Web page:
differently than the original intent of the EPA. Since 1996, the TSA 
language in appendix A has been associated with auditing monitoring 
agencies or monitoring organizations, not PQAOs (note--the PQAO term 
was promulgated in 2006). For additional context, the following rule 
excerpts provide a chronological history of the TSA language in 
appendix A.
    Prior to 1998: ``Agencies operating SLAMS network stations shall be 
subject to annual EPA systems audits of their ambient air monitoring 
program and are required to participate in EPA's National Performance 
Audit Program.''
    1998: ``Systems audits of the ambient air monitoring programs of 
agencies operating SLAMS shall be conducted at least every 3 years by 
the appropriate EPA Regional Office.''
    2005: ``Systems audits of the ambient air monitoring programs of 
agencies operating SLAMS shall be conducted at least every 3 years by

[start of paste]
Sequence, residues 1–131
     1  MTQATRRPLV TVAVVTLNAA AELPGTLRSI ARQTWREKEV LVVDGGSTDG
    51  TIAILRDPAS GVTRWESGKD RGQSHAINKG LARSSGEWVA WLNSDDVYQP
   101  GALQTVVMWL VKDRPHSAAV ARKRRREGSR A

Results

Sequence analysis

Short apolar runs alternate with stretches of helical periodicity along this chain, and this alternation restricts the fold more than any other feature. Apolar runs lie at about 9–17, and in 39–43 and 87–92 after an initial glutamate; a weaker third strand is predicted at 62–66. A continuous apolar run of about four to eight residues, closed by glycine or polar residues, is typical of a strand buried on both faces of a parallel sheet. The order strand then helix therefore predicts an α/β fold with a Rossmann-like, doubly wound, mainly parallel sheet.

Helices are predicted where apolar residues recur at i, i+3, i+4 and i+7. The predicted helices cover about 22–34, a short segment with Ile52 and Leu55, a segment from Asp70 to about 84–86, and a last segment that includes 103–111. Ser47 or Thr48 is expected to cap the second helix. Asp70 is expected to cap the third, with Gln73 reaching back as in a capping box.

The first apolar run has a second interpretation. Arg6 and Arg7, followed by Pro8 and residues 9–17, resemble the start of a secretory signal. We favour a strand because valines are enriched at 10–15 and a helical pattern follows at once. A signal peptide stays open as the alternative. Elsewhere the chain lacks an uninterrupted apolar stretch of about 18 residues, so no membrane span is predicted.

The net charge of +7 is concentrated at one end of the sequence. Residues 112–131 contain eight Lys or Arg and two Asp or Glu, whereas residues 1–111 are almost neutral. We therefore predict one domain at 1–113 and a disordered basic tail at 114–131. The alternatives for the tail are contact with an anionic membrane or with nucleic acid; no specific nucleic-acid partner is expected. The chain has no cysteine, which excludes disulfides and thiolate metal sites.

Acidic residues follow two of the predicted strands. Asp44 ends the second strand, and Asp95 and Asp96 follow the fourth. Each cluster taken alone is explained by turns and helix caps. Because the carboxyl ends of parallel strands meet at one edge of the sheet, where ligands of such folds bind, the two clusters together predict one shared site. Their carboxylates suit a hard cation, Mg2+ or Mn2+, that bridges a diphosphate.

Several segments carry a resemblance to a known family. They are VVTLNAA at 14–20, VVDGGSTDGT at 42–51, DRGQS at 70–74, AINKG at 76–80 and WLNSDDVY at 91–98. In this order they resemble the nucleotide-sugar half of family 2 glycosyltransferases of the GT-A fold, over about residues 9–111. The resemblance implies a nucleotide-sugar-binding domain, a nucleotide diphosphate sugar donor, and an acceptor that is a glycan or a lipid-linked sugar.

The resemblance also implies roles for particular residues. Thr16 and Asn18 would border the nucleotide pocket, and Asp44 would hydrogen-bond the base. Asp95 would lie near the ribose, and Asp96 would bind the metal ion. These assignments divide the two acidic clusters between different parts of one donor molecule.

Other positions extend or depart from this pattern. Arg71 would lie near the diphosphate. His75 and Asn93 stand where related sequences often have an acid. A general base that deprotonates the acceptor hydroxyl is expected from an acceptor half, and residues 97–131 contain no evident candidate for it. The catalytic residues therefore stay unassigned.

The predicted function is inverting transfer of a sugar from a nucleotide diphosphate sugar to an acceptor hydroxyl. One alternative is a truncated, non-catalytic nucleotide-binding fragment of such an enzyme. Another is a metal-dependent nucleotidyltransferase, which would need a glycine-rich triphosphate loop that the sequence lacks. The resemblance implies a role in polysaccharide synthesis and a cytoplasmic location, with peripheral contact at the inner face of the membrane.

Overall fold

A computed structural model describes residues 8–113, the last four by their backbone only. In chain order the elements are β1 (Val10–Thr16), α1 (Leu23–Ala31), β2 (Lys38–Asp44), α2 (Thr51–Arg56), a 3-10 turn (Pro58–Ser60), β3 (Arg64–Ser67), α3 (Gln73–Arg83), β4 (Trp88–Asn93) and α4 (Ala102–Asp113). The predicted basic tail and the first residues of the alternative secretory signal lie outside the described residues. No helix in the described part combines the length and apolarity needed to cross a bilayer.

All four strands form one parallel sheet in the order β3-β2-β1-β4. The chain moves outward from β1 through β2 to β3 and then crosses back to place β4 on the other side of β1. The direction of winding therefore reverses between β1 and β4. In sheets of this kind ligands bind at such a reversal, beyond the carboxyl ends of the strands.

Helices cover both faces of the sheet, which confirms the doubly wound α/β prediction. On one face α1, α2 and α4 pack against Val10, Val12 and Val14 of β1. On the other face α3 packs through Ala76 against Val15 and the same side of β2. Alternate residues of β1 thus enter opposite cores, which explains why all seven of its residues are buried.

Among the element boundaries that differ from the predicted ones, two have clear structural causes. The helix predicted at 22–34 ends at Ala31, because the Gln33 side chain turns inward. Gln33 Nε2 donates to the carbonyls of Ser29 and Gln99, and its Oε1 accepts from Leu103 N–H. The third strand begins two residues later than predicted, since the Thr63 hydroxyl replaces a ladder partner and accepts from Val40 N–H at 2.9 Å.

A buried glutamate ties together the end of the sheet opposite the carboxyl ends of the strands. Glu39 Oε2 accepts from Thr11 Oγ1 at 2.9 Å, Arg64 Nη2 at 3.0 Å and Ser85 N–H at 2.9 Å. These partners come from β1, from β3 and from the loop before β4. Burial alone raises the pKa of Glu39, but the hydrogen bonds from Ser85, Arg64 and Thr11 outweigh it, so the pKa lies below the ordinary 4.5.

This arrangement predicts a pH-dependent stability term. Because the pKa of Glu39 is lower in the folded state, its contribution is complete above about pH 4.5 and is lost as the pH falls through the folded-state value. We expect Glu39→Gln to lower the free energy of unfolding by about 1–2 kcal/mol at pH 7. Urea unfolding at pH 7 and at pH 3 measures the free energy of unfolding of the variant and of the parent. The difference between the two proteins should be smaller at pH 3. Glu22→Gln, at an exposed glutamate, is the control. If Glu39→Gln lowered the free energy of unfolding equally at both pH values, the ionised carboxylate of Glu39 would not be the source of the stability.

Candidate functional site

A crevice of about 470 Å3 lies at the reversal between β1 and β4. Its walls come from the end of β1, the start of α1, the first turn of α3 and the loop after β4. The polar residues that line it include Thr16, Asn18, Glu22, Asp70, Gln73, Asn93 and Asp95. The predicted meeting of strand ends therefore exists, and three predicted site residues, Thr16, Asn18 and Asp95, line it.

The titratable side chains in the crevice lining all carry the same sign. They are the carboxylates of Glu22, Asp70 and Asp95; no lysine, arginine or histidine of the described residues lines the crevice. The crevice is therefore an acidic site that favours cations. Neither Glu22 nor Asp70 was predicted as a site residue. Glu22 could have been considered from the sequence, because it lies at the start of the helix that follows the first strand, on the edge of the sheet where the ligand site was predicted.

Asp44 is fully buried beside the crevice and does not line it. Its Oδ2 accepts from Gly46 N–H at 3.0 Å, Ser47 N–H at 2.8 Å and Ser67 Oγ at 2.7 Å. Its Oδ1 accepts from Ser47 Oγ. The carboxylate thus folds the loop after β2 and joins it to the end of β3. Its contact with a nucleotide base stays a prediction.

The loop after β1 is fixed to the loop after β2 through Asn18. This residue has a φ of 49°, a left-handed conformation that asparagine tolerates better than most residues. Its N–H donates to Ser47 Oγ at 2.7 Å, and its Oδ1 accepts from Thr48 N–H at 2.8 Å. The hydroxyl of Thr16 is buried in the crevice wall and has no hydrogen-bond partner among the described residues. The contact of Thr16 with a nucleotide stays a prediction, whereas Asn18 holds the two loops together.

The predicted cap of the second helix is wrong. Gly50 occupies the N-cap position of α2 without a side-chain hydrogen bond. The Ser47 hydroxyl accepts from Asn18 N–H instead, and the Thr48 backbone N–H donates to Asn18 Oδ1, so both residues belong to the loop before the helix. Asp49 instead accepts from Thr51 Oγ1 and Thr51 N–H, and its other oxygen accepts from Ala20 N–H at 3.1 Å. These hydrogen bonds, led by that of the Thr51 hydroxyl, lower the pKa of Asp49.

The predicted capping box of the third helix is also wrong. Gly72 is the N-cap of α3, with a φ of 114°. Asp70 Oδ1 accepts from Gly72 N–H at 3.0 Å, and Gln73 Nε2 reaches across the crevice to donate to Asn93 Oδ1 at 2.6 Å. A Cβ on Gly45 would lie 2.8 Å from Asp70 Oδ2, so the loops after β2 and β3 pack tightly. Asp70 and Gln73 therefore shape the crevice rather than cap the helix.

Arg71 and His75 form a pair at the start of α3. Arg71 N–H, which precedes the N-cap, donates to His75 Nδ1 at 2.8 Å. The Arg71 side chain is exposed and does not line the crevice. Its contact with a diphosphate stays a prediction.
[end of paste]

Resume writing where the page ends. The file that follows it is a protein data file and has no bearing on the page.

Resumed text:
the appropriate Regional Office.''
    2006-2014 (prior to this proposed change): ``Technical systems 
audits of each ambient air monitoring organization shall be conducted 
at least every 3 years by the appropriate EPA

[[Page 17263]]

Regional Office and reported to the AQS.''
    The EPA notes that the current definition (40 CFR 58.1) for a 
monitoring agency (prior to this proposal) was defined as ``a state or 
local agency responsible for meeting the requirements of this part.'' 
Monitoring organization was defined as a ``state, local, or other 
monitoring organization responsible for operating a monitoring site for 
which the quality assurance regulations apply.'' Neither definition 
described any consolidation of agencies into a PQAO; therefore,